If they printed more money than warranted by their gold reserves, overall prices went up, including the free-market price of gold. People could exchange their currency for gold at the fixed central bank price and then sell it in the open market at the higher price.
The result was that the gold reserves of the central bank and the supply of currency went down (local currency was being returned to the central bank in exchange for gold), thus forcing a reduction of the prices that had gone up before.
The Classical Gold Standard had other crucial advantages. It was a modular system, which reproduced at the international level the same features that gave shape to it domestically. Foreigners could exchange their currency for gold as much as the local citizens. This kept the equilibrium between countries, automatically.
For this reason, there was no need to design a complex institutional setting and go through difficult political negotiations to put the system in place. No IMF was needed. Each country could decide independently to adopt the system.
In fact, that was the way the international monetary system of the nineteenth century was created. Britain adopted it unilaterally and was so successful that most other countries copied it.
The Classical Gold Standard imposed a tight discipline, worldwide.
Prices in 1914, the last year the system worked all over the world, prices were about the same as they had been forty years before, even if in that period the world went through a radical transformation that paralleled the one taking place today – the second stage of the Industrial Revolution and a trade and financial globalisation that was as deep as today’s.
There are two main objections to the Gold Standard. First, the Great Depression is blamed on the rigid limits that it imposed on monetary creation. In fact, the monetary collapses have all been created by excessive monetary expansions that violated the strict rules of the Classical Gold Standard.
The 1920 bubbles that led to the Great Depression were caused by excessive monetary creation permitted by the Gold Exchange Standard, a watered down version of the Classical Gold Standard that allowed central banks to create money independently of their gold reserves. The Bretton Woods system broke down because the Fed created too much money in violation of the system’s rules and ran out of gold.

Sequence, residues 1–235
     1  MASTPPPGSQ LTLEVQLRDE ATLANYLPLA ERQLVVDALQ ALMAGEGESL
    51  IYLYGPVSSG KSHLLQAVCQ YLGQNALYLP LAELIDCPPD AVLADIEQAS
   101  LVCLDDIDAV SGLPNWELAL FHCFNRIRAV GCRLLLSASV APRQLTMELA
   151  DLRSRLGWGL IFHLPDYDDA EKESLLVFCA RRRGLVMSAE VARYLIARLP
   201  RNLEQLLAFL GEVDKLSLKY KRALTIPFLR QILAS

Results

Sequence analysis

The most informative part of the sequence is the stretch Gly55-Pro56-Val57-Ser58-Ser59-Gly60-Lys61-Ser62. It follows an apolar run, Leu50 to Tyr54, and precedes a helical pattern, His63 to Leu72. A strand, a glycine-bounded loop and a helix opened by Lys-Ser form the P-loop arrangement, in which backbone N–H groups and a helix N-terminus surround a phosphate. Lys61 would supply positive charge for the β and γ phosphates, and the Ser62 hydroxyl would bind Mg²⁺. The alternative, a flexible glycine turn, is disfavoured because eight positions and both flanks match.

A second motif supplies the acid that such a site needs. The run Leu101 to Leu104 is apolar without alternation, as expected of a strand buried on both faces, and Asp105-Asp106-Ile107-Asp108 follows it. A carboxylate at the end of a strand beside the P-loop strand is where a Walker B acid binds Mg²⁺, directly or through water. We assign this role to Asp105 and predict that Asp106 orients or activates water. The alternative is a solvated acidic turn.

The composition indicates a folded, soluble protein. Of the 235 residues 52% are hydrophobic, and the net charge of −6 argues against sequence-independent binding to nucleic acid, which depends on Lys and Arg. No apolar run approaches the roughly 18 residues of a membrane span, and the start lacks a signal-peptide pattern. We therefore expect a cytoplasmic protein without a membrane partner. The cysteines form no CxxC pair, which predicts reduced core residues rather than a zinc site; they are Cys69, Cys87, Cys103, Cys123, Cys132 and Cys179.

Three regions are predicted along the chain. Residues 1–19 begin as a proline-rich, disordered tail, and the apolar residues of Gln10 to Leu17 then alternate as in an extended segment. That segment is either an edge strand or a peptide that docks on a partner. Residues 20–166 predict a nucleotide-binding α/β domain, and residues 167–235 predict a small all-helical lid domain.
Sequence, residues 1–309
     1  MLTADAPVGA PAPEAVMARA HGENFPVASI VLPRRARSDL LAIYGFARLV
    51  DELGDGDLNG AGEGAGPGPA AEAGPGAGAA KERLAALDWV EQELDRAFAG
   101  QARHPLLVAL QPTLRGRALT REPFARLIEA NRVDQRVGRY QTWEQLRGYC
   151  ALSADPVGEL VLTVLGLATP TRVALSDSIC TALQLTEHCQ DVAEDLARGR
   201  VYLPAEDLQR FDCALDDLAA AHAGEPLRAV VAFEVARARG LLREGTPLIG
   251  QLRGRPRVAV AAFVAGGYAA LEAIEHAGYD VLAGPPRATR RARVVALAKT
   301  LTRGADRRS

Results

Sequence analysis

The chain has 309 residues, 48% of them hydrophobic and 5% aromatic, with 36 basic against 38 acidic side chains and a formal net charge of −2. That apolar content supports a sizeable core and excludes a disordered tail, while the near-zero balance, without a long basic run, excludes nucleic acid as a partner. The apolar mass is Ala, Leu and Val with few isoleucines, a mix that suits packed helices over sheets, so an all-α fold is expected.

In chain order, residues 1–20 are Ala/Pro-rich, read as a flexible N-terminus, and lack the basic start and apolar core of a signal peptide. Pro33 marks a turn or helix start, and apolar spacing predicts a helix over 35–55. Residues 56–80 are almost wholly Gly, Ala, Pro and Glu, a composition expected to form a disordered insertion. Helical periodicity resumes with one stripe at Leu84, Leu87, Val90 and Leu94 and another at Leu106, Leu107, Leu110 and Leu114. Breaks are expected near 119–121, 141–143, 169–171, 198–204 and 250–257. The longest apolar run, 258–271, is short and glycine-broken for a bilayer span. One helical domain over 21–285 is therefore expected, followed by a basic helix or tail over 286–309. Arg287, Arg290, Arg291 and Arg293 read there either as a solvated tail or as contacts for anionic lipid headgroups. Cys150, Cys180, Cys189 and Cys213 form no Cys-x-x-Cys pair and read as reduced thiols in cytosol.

A second argument in favour of discretional monetary creation is the need to create liquidity to overcome financial crises. Yet, central banks operating under the Classical Gold Standard also issued currency to overcome panics, following the rules of Walter Bagehot, which still guide central banks’ liquidity interventions: in times of liquidity panics, create as much currency as needed to extend credit to the endangered banks, but do it at a high interest rate and only based on solid collateral (Walter Bagehot, Lombard Street: A Description of the Money Market. Philadelphia: Orion Editions, 1991 , pp 96-97).
Quite recently, Sir Mervin King, the current governor of the Bank of England, declared as much:
“It is very clear, from the origin, that lending of last resort by a central bank is intended to be lending to individual banking institutions, and to institutions which are clearly regarded as solvent. And it’s done against good collateral and at a penalty rate.” Gavyn Davies, 20 November, 2011, Financial Times, http://blogs.ft.com/gavyndavies/2011/11/20/when-should-the-ecb-buy-sovereign-debt/#ixzz1eI89B1Bi. This is the doctrine applied by the Bundesbank as well. It comes from the Gold Standard. Dealing with liquidity crises is not an invention of fiat money.
The most daunting obstacle for the reinstatement of the Classical Gold Standard could be the fact that, being automatic, would turn redundant enormous numbers of people. If only this obstacle could be overcome, we could have a truly modern and stable monetary system, conducive to growth.
There is no need to create a worldwide system from the very beginning. It would be enough if the United States adopted it. Then the others would follow.